Lifting the Veil of Words: An Analysis of the Efficacy of Chinese Takeover Laws and the Road to the Harmonious Society
Charlie Xiaochuan Weng
KoGuan Law School (SJTU)
August 4, 2011
Columbia Journal of Asian Law, Vol. 24, No. 2, 2012
Empirical evidence shows that takeovers are value-maximizing events for target firm shareholders and enhance social efficiency. Takeovers are commonly thought to play a key role in reducing managerial slack in corporate governance through the replacement of inefficient management. Additionally, a multitude of economic literatures indicate that the value of combined firm is greater than the value of two separately by means of a synergy gain. Yet despite being a value-creation event, takeovers rarely happen in China’s capital market. One reason for this phenomenon is that Chinese takeover laws have a chilling effect towards potential corporate raiders. And naturally, since the takeovers play a role in reducing managerial slack, inefficient management of listing company can be observed more frequently as a result. Such problems are worse in State-owned Entities.
Given the awkward past legal positions, as well as the administrative features, of the China Securities Regulatory Commission (CSRC), the Chinese capital market supervisory agency, it is hard to believe that CSRC is not influenced by the central government or that the rules it promulgates are unbiased. In fact, under CSRC’s pro-government philosophy, CSRC’s SOE-friendly approach has a chilling effect on potential takeovers. This approach is at the cost of the Non-SOE shareholders’ opportunities for value maximization. Since the Chinese government has changed its policy focus from State-owned Assets protection to promotion of social equity, we can easily predict that CSRC’s regulatory approach, which has dominated for over a decade, is facing a significant modification. With the change in the government’s core value, many provisions need to be remade into efficient regulations that allow for both SOE and Non-SOE shareholders opportunity to value creation events, particularly as they relate to takeovers.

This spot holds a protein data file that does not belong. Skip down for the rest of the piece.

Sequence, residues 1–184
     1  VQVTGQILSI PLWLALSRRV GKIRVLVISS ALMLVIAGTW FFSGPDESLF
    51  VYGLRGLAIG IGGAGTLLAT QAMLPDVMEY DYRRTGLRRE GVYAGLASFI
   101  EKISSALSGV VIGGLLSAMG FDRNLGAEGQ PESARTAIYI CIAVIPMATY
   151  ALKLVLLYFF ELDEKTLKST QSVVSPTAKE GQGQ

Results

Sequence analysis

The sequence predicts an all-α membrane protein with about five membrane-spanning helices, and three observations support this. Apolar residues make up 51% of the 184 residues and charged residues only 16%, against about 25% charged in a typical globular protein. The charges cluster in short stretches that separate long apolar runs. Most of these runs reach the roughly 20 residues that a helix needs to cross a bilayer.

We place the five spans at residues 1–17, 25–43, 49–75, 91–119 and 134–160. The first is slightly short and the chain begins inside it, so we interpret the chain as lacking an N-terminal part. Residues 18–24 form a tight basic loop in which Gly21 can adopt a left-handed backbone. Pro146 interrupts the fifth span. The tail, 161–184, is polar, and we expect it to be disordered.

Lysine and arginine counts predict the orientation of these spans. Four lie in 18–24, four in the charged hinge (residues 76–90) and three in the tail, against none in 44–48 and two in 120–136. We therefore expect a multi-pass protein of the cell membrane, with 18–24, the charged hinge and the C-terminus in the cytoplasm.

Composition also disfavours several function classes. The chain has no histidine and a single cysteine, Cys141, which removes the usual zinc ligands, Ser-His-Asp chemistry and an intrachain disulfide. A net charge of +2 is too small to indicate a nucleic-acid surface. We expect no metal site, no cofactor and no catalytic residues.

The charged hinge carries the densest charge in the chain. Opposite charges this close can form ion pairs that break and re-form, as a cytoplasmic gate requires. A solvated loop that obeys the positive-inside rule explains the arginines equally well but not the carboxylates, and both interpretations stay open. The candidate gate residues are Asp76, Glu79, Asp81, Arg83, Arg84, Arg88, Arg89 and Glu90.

Number of Pages in PDF File: 42
Keywords: China, CSRC, corporate law, securities regulation, takeover law reform
JEL Classification: K22, K23, K33, K41, K42Accepted Paper Series
Date posted: August 4, 2011 ; Last revised: October 16, 2012
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